In March of 1881, Winslow Homer left New York for England on a trip that was supposed to last several months.  He stayed nearly two years.  After a short stop in London, Homer settled in the small fishing village of Cullercoats on the northeastern coast of England.  Widely recognized as a pivotal moment in Homer's career, it marked a change in both technique and subject matter. Lloyd Goodrich saw this period as a "turning point ... in every way. It brought him into close contact with the sea, henceforth his dominant theme. It witnessed a phenomenal maturing in mind and vision. It resulted in a long step forward in technical mastery. It brought him his greatest acclaim and his most solid financial rewards up to that time. And it settled in his mind the kind of life he wanted to lead and the kind of art he wanted to produce." (Lloyd Goodrich, Winslow Homer, New York, 1944, p. 82).  His style and subject changed dramatically. Nicolai Cikovsky observes that "his colors became immediately more restrained, his forms larger, weightier, and more ample; the person he depicted more mature and their enterprise more serious" (Winslow Homer, p. 75).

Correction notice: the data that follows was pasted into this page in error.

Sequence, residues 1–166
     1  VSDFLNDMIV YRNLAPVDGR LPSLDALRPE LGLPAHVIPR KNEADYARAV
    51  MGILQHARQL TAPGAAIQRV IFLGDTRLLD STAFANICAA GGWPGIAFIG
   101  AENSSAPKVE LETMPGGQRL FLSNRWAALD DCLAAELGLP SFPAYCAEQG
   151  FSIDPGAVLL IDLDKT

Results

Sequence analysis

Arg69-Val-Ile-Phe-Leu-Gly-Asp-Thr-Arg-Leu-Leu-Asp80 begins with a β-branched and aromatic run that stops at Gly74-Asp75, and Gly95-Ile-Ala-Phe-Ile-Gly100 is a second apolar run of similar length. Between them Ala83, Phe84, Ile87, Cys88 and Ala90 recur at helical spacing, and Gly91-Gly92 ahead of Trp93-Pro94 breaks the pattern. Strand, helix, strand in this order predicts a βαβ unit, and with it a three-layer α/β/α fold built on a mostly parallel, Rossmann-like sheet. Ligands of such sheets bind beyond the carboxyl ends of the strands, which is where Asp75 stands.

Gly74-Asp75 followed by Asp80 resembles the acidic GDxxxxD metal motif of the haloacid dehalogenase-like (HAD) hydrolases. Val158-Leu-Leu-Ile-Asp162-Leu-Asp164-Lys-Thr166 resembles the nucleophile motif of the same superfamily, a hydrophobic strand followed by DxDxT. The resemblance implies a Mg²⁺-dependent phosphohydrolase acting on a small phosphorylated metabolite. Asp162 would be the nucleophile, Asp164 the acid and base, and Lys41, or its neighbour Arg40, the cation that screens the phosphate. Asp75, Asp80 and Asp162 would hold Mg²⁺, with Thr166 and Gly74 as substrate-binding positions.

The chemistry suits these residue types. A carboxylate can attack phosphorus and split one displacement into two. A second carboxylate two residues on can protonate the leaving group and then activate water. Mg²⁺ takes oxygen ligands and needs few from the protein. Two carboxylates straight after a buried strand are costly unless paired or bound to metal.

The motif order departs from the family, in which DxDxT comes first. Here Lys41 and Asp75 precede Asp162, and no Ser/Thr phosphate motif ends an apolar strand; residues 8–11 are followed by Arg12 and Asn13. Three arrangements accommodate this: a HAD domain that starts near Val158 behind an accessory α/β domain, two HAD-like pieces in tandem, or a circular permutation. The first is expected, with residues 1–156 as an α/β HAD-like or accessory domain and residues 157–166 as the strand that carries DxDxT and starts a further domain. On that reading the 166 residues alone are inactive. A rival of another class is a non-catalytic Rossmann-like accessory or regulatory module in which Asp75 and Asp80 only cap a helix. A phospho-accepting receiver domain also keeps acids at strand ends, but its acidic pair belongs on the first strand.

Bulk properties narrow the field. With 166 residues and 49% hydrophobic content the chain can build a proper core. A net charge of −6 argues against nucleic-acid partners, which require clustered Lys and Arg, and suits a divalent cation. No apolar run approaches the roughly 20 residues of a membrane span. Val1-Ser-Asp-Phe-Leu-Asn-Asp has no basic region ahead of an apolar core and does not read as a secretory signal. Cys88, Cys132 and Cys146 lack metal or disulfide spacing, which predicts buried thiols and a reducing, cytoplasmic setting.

Homer may have initially heard about Cullercoats through a village fisherman on his ship as he traveled across the Atlantic.  It is also possible he read about Cullercoats in one of the English magazines popular in America. One such magazine, Graphic, included the following description in 1879: "In a secluded sea village there are conserved the old methods and even the modes of speech; and to the visitor fresh from town the habits the language even of the fisher-folk is as markedly fresh as is the bracing air that blows across leagues of sea waves and foam. The great fishing waters of England are on the east coast from Yarmouth to Berwick, and probably the north-eastern portion preserves most fully the peculiarities of life and labour that have long marked the industry... At Cullercoats... fishermen still form a distinct class of the population, with modes of thought and of action of their own."